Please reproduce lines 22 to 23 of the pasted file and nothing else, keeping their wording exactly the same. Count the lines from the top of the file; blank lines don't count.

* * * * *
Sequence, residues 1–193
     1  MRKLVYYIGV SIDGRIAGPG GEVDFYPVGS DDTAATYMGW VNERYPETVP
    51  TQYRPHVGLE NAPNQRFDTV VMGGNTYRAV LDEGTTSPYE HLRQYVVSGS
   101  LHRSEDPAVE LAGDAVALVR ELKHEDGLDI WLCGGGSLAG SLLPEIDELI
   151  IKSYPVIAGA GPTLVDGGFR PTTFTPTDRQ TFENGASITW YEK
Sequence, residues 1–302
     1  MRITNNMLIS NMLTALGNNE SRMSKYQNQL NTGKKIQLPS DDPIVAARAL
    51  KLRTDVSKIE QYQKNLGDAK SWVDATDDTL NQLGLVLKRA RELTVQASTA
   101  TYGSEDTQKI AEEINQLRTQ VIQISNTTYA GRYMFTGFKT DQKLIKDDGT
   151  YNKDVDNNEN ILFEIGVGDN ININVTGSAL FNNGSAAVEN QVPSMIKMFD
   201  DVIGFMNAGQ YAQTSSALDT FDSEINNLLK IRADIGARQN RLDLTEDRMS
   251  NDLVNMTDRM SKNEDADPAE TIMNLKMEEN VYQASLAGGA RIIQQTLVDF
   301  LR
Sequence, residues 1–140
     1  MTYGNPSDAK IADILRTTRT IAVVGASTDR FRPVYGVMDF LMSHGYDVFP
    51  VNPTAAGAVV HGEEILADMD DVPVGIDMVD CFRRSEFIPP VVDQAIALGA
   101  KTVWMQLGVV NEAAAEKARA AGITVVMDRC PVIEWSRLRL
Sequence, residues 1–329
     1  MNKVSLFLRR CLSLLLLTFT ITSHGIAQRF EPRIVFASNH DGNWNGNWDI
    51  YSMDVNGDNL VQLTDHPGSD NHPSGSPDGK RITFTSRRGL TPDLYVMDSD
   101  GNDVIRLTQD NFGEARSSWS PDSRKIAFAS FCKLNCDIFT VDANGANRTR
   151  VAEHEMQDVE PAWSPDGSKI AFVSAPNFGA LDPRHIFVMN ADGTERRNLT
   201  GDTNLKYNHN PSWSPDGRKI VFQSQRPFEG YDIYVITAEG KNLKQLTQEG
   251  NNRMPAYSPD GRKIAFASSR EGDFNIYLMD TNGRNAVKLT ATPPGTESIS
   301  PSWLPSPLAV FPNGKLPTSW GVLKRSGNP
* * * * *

   151  VAEHEMQDVE PAWSPDGSKI AFVSAPNFGA LDPRHIFVMN ADGTERRNLT
   201  GDTNLKYNHN PSWSPDGRKI VFQSQRPFEG YDIYVITAEG KNLKQLTQEG